What You Need to Know About ADA Compliance for Your AV Technology

The Americans with Disabilities Act (ADA) was enacted almost three decades ago in order to make sure that all citizens had adequate access to physical buildings, information, and more. And through the lens of senior living and medical facilities, ADA compliance is of utmost importance. 

Not only is compliance a legal necessity, but many of the residents and patients at such facilities require special considerations due to their own physical conditions or limitations. So, how can facility owners make sure they meet ADA building compliance and thereby prioritize all needs of those in their care? Here are two key recommendations. 

1. Prioritize hearing, seeing, and height.

ADA requirements for touch screens are primarily focused on the physical placement and accessibility of such devices. For example, the maximum for ADA touch screen mounting height is 48”, keeping all touch components within easy reach of someone in a wheelchair. There should also be ample space around the touch screen in which a wheelchair can easily be maneuvered. 

Additionally, Section 902 of the ADA guidelines mandates that work surfaces can be a minimum of 28 inches and a maximum of 34 inches above the floor. This, again, helps to make sure all those within your facility are able to use them. 

Furthermore, remember that audio communications can be a great tool for many, but will be hard to hear for others. Assistive Listening Systems (ALS) are the best way to amplify the volume of touch screens and other devices on your facility’s premises. They help to ensure audio messages are more easily heard by those with hearing issues.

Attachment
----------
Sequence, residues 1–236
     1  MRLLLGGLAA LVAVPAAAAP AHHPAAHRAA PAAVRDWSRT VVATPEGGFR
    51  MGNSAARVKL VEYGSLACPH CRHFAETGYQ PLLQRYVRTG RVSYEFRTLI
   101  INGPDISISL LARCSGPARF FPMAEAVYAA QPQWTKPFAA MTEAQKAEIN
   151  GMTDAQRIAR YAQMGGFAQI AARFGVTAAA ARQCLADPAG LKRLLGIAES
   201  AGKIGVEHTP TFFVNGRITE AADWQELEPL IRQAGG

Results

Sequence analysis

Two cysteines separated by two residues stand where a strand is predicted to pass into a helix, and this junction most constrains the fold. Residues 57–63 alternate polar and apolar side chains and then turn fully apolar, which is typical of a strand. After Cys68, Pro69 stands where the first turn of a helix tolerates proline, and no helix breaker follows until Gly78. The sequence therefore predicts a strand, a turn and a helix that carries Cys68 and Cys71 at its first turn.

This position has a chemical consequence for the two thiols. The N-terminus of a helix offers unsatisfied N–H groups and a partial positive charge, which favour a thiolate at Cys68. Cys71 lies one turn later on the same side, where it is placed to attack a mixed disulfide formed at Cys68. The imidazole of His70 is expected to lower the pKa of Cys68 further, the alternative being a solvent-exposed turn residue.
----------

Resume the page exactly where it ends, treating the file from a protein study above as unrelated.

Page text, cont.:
Designers may remember audio and height compliance details, but make sure they don’t overlook signage. For those who still cannot hear audio communications, clear, large font signs are an important part of ADA compliance. 

2. Comb for potential hazards. 

After you’ve designed with audio, visual, and height considerations in mind, review your space with fresh eyes. AV equipment and signage might appear to be complying with ADA requirements and in the right positions, but there could be unnoticed dangers still present. For example, anything that protrudes from a wall could be hazardous to someone who doesn’t have fully functional vision. 

Unfortunately many buildings use wall-mounted audio visual systems that extend beyond four inches from the wall, which is the maximum amount allowed by the ADA. We recommend diving into sections 204 and 307 of the ADA guidelines to fully understand what is acceptable in terms of protrusions so you can make sure your AV designs meet compliance.

ADA building compliance is important for legal reasons, but it’s also crucial for the safety and experience of your residents or patients. If you’d like help understanding how to make your next build ADA compliant, please give us a call